The Chancellor has announced plans for tax relief for 3 of the UK’s key creative industries from April 2013.
In the Budget today, George Osborne announced his intention to introduce tax relief for the animation, video games and high-end TV production sectors subject to state aid approval and following consultation.
Tax breaks for animation and TV would aim to reverse a trend of UK productions being made overseas and attract foreign companies to make their progammes in the UK. Tax relief for video games could help to increase the sector’s contribution to the UK economy by £280 million over the next 5 years.
The Chancellor also announced details of government plans to invest in ten new super-connected cities.
Facts and figures
- Currently around 600 companies in the UK employing over 4,700 people
- In 2009, the UK animation industry produced 191 hours of animation worth £102 million
- Exports of children’s TV programmes (including animation) were worth £150 million in 2009
- Great British animation currently made abroad instead of in the UK includes Thomas the Tank Engine (Canada), Bob the Builder (USA) and Noddy (Republic of Ireland)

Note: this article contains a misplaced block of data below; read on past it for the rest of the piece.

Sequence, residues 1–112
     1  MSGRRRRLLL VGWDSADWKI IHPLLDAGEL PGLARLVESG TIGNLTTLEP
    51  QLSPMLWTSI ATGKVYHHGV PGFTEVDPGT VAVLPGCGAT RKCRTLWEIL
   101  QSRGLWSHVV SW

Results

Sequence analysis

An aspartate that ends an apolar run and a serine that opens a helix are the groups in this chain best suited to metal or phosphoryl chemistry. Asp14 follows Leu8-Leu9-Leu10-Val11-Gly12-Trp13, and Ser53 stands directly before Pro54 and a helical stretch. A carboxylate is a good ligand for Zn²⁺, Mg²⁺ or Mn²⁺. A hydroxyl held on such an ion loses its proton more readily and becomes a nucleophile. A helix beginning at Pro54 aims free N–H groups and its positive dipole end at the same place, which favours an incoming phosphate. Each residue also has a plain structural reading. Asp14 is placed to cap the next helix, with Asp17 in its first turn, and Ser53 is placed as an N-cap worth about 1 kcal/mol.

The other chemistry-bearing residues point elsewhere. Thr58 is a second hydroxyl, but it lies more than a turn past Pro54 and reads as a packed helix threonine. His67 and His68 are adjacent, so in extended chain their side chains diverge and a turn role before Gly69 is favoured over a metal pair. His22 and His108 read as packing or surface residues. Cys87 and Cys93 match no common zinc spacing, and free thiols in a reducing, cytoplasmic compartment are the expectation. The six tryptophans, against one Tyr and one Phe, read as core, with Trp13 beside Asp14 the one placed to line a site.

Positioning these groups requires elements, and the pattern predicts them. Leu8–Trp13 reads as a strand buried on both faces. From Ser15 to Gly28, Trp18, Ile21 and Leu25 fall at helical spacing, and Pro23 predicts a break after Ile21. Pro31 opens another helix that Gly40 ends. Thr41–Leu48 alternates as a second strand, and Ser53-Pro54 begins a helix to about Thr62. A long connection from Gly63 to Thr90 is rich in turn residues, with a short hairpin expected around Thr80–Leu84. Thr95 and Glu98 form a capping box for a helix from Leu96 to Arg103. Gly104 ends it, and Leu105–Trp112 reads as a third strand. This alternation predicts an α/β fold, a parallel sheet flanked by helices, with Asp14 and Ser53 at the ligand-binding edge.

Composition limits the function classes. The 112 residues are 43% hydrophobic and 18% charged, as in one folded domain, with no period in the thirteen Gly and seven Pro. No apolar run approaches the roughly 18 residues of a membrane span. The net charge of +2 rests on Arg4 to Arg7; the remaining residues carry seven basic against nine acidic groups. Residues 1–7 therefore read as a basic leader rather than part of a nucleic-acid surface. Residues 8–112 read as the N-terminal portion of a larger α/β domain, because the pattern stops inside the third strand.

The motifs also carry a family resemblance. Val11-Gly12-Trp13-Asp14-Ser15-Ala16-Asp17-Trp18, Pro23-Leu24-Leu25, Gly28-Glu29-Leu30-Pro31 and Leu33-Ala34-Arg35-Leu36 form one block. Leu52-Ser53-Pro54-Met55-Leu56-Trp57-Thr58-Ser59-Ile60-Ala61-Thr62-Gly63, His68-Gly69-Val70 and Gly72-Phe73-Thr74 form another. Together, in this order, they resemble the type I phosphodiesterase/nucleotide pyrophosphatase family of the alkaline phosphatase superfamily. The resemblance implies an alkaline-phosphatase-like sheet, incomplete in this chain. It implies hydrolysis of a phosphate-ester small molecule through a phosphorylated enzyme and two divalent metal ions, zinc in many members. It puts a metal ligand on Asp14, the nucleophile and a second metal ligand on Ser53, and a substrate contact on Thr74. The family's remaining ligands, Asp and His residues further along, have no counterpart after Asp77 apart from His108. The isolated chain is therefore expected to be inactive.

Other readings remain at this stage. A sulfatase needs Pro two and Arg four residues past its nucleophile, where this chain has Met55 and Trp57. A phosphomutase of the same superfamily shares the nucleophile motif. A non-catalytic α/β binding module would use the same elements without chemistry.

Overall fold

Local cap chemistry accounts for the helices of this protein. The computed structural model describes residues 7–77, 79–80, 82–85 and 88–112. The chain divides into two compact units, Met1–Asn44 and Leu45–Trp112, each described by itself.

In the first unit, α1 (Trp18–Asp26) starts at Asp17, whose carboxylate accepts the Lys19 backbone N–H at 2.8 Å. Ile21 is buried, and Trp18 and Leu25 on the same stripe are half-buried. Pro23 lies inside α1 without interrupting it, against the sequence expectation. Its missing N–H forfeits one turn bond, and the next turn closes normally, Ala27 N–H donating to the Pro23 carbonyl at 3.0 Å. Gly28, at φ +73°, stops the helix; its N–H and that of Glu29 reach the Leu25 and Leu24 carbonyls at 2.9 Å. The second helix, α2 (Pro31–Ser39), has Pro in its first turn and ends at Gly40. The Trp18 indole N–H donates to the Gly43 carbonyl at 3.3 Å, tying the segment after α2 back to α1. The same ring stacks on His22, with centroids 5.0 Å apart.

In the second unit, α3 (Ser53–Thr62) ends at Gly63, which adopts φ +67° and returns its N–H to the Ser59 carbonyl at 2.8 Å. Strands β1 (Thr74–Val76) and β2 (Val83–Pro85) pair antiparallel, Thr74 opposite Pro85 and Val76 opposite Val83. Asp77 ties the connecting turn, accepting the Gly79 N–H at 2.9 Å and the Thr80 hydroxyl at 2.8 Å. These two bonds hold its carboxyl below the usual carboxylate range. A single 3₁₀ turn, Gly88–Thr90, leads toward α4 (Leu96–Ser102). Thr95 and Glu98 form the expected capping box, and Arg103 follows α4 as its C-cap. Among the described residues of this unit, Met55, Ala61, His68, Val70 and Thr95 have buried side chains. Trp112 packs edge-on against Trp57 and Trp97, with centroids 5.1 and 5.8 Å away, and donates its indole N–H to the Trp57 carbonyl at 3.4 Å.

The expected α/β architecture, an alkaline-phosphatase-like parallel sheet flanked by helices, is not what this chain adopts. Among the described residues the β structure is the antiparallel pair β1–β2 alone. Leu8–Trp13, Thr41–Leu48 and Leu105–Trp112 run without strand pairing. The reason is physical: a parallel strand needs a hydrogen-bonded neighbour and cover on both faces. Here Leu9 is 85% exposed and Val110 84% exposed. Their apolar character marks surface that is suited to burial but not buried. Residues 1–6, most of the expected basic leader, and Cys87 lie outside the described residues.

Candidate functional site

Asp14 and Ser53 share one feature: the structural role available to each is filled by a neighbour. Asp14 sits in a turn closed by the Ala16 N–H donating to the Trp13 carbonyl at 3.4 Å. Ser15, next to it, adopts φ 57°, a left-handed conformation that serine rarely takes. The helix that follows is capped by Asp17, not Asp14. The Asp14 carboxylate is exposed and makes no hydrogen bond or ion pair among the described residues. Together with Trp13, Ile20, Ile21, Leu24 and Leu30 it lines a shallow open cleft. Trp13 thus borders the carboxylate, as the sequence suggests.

- UK-produced games generated £1.7 billion in sales worldwide in 2009
- As of November 2011, there were 9,000 creative staff working in almost 300 games studios
- UK consumers buy the largest number of games in Europe. Almost 60% of the UK population play video games, with an average age of 28. 48% of video gamers are women.
- Over five years a games tax relief could create and protect 1,650 studio jobs and increase the games development sector’s contribution to UK GDP by £280 million
- Great British video games made in the UK include Moshi Monsters, Little Big Planet and Lego Star Wars
- The UK is the second biggest exporter of television content in the world, with exports worth more than £1.3 billion per year
- UK television broadcasters generated revenue of £11.1 billion in 2009
- The independent television sector contributes £4.3 billion per year to the UK economy (GVA) and employs 20,950 people - more than the television divisions of the BBC, ITV, Channel 4 and Five combined
- Great British TV currently made abroad instead of the in the UK includes Julian Fellowes’ Titanic (Hungary), The Tudors (Republic of Ireland) and Birdsong (Hungary)